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I kind of like LA, so I won't call it an urban desert. We have a couple of favourite restaurants and we visited both of them to recover from the endless (fascinating) hours of interviews and sessions and conference food; you know it's bad when convention center fried chicken is the highlight of your culinary week. (PDC was a busy week for us and it hit all our interests, from end user to business IT to admin to development: we've been following identity and the modelling initiative formerly known as Oslo for a few years now and they're starting to come to fruition). So Thursday night we settled down for some more writing and a late night snack at Bottega Louie. The portion sizes vary wildly and the menu is organised by price, but the pizza is superb, the ravioli is small but perfectly formed, the eggplant parmigiana is tasty, the caponata is succulent and rich and the fried calamari is tentaculous.

We missed the brunch menu at Figaro on North Vermont thanks to late nights, missed phone calls and Avis running out of cars (more of which later) but lunch there is just as good. And when you add a croissant and a side of bacon to the mushroom spinach goats cheese omelette, you have brunch after all. The chocolate-bowl sized latte is fantastic there and it was fun to hear the (American) waiter discussing learning French at college by immersion with the American at the next table who'd lived in Paris; next table over was a couple practising French and at the far end was someone who was a) actually French and b) nowhere near as rude as the French woman who was there last time acting surprised when I asked her not to blow smoke over my food. The bookshop nearby will be worth a return visit too.

Having booked a compact, I was howling with laughter surprised when Simon came back with a great big powder-blue barge of a thing, with leather seats the full width of the car - like sofas with fold-down arms. It's a Crown Vic under all that frouffiness and you can feel the engine kick back in when you turn off the AC... It's nice for crusing around, so we promptly drove to Mission Viejo to look at the Microsoft Store and, er, buy a Zune HD, then down to Palm Springs for a nice weekend in the hot desert. This was slightly spoiled by finding I must have left my watch in the hotel room in LA (along with the charger for the electric toothbrush); the hotel can't find it but as it's not on my wrist, in my pocket or in any of my bags, either it fell down the back of something in the room or broke and fell off my wrist while we were out and about. Wah...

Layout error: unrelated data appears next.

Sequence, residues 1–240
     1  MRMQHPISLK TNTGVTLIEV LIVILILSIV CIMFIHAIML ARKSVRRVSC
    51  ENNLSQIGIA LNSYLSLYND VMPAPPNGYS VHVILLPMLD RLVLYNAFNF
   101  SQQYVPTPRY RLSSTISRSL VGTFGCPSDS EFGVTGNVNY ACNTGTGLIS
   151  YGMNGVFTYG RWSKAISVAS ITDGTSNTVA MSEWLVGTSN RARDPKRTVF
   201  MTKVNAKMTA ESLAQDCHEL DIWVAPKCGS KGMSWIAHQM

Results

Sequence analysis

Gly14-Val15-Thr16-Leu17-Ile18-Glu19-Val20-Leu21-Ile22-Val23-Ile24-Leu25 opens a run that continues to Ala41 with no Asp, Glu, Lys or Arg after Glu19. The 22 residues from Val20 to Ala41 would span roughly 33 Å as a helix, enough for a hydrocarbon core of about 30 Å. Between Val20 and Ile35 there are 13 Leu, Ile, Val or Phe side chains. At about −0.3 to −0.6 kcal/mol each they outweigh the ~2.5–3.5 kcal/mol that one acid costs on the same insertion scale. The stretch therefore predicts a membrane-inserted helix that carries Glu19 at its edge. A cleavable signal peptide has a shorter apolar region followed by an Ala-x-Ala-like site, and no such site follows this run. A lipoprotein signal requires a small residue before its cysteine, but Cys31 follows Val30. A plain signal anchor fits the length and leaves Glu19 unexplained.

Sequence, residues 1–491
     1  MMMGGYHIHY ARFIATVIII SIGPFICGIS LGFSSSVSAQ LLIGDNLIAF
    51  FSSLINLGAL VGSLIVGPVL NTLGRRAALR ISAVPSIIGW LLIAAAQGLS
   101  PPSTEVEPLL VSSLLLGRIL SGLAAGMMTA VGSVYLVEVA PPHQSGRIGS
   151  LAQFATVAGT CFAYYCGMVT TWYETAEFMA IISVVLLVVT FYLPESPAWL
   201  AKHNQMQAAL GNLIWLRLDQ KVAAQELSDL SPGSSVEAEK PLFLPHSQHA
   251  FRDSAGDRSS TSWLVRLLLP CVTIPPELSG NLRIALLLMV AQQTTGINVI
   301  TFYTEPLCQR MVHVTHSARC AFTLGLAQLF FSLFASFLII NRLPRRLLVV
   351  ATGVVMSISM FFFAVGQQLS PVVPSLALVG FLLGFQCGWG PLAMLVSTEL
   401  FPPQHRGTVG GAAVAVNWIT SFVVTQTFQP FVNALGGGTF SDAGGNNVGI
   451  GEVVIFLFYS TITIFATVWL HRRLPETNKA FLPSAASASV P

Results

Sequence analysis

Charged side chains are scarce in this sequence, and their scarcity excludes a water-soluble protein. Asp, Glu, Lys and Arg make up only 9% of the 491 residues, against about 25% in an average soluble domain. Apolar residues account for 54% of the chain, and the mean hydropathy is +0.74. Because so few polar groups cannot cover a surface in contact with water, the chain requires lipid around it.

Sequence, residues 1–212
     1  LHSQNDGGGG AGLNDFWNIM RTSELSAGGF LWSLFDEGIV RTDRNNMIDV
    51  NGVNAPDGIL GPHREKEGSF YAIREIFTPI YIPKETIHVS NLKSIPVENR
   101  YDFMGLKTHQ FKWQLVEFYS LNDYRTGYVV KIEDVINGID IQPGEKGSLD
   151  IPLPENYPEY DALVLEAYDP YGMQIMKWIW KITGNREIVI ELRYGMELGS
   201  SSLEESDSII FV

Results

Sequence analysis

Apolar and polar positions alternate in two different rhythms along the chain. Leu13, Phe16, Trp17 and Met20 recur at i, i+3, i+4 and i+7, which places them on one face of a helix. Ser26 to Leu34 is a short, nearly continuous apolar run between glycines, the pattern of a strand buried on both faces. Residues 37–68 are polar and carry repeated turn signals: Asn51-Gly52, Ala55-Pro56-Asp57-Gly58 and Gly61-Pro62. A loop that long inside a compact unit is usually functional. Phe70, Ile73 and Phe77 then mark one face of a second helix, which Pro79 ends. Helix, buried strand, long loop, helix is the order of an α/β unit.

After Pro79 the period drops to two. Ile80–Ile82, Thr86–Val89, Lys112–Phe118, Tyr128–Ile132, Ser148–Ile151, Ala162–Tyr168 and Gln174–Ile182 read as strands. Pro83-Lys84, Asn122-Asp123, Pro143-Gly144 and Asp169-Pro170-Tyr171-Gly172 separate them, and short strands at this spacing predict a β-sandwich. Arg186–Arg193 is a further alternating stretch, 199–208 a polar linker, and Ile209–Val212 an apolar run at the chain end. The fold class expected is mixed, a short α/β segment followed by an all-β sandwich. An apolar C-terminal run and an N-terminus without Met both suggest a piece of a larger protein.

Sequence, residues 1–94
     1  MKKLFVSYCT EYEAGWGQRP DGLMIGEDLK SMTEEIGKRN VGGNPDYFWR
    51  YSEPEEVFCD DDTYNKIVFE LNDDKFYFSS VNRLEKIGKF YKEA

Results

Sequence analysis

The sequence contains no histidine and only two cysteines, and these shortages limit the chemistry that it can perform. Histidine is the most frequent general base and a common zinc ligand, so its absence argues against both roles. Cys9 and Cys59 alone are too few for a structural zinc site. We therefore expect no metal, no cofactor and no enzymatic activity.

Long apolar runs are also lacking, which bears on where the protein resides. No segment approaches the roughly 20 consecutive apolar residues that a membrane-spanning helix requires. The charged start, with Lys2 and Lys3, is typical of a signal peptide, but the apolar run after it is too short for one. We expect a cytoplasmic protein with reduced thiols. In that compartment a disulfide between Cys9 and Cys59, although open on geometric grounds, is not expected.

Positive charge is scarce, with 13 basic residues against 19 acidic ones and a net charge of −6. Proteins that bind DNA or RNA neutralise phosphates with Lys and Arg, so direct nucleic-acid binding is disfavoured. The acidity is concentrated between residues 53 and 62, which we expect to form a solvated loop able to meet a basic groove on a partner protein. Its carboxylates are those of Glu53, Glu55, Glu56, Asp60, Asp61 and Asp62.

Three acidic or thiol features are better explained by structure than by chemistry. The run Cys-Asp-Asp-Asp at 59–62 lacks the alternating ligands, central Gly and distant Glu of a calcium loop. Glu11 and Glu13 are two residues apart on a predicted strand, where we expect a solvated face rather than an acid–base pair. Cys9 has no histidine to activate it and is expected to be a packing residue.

The Travelodge at Palm Springs looks almost as hip as ever, though you can tell more what was painted over rather than replaced. But it still has the wonderful huge hot pool that's nearly 5 foot deep, the corned beef hash at Sherwin's is still excellent (and goes very well with probably the best latke I've ever had) and the carnitas and margaritas at the Blue Coyote are yumita. Also, sun, good coffee at Koffi and a scenic drive in the Santa Rosa mountains enlivened by dozens of Porsches, many of them vintage, and a reflecting lake at sunset. Must take photos off the big camera.

We left Palm Springs and drove past Joshua Tree and into Arizona. Where shall we go, we asked ourselves? Well, the other Microsoft store is in Scottsdale... so we drove past lots of cacti and mountains, stopped for a pretty sunset, bypassed the sprawl of Phoenix and picked a motel on the outskirts of Scottsdale. It turned out to be next to a large mall where we had dinner at Modern Steak; where the food is good (especially the cramel ginger on my tuna poke) and the décor is straight out of Crate and Barrel. Also the kilt theme continues; after the Crooked Kilt in Paso and the Twisted Kilt in Palm Springs, the Kilt Lifter scottish ale from Four Peaks was excellent - very like the Traquair House ale. And that large mall - yes, it was the one with the Microsoft store... how did you guess?

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full steam ahead
marypcb
Mary Branscombe
Simon & Mary

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